It’s probably best to start with what’s bad in the Phantom Coupé, as it won’t take long. There is too little rear leg and shoulder room, the iDrive-style control system (derived from BMW’s and developed too little from there) is a pain to operate, and the seat adjusters require too much time and attention to operate safely on the move. There’s also a surprising amount of wind noise at speed for a Rolls-Royce, and the boot should be a little larger.
There the complaints end. For all the inefficiencies in packaging, which mean the Rolls has less rear room than a typical D-segment saloon, those who do fit into the rear will find its seats sumptuous and the fittings exquisite.
Front-seat occupants will care not a jot either, because the driving or passenger experience is second to none, enjoyed in seats that are slightly more bolstered than the saloon’s. Otherwise the front-seat experience mimics the saloon’s and convertible’s.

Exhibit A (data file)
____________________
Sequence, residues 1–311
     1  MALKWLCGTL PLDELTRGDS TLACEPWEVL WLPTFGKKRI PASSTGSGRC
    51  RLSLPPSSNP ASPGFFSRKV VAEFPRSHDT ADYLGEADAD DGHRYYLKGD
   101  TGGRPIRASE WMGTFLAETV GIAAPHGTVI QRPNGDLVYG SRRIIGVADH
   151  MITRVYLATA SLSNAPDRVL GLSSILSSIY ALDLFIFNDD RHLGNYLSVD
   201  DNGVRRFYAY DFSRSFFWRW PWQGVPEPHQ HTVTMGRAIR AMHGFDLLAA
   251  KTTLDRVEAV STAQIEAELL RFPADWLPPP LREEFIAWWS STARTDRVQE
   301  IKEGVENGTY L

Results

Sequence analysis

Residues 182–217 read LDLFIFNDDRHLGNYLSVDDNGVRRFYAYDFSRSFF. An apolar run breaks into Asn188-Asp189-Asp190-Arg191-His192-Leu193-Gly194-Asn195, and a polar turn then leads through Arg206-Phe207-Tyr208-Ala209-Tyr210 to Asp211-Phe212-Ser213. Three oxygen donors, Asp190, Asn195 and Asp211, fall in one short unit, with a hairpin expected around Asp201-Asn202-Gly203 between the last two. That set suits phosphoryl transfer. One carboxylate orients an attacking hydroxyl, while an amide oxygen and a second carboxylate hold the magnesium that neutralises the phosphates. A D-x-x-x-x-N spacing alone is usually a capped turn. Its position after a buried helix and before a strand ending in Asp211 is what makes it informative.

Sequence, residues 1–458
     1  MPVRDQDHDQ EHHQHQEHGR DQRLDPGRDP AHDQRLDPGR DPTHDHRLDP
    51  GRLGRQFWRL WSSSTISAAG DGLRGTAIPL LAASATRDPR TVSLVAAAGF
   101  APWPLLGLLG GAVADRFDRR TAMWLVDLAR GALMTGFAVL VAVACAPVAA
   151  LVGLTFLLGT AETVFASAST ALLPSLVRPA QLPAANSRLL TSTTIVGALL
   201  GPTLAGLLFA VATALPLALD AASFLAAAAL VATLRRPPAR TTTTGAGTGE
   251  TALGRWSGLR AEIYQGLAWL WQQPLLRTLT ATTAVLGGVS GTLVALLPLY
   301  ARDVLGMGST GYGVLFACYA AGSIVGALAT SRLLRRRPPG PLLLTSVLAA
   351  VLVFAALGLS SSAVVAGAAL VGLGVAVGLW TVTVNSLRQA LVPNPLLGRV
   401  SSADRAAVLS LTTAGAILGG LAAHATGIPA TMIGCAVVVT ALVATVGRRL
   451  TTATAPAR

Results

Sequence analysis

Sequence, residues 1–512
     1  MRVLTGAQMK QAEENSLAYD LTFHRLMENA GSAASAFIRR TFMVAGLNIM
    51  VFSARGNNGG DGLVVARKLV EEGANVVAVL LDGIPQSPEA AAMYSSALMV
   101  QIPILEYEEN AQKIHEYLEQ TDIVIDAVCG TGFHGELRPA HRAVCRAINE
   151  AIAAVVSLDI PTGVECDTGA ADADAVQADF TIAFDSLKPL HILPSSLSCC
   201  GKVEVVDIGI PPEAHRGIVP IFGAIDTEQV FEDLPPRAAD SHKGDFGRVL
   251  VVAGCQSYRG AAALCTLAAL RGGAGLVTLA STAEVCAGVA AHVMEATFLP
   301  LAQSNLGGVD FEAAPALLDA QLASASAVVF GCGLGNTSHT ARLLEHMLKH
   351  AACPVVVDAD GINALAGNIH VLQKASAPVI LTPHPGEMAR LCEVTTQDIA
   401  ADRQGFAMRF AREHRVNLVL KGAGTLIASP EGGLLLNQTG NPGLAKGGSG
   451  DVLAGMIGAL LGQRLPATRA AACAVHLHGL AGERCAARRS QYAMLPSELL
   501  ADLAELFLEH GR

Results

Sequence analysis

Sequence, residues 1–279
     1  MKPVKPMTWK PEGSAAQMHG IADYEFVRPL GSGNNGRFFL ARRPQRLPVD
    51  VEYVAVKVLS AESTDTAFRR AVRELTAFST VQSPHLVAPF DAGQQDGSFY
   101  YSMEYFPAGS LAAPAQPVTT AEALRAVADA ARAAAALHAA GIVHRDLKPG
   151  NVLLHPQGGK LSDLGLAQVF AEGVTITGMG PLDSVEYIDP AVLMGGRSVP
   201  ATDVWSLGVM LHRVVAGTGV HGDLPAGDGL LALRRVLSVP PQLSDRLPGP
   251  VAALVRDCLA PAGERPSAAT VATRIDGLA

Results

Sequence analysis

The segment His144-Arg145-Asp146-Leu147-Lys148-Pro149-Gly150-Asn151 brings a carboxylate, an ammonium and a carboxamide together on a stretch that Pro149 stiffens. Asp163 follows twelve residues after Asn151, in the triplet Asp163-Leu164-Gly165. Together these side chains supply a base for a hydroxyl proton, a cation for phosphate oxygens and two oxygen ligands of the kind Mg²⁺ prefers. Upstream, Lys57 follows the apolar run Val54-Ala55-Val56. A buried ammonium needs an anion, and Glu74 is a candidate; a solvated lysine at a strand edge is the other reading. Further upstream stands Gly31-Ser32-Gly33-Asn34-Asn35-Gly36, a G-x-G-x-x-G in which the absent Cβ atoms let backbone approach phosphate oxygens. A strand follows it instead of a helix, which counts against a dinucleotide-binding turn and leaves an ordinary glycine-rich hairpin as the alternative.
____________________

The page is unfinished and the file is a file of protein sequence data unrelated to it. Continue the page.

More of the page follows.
The dashboard and other trim feels beautifully constructed, with a pleasing weight to all major controls. The stereo is quite possibly the finest-sounding system fitted as standard to any current road car, the heater controls look a little odd but work well, and the organ stops for the air vents work with silken precision.
The Phantom Coupé is a conspicuously large car to pilot, but forward visibility is helped by thin A-pillars and the front edge and corners are relatively easy to place by virtue of the Spirit of Ecstasy and some flattish sides.
Less impressive is the view to the rear through the narrow window, but that does at least help to create a cosy atmosphere in the rear seats, especially with the optional Skylight roof lights dimly aglow.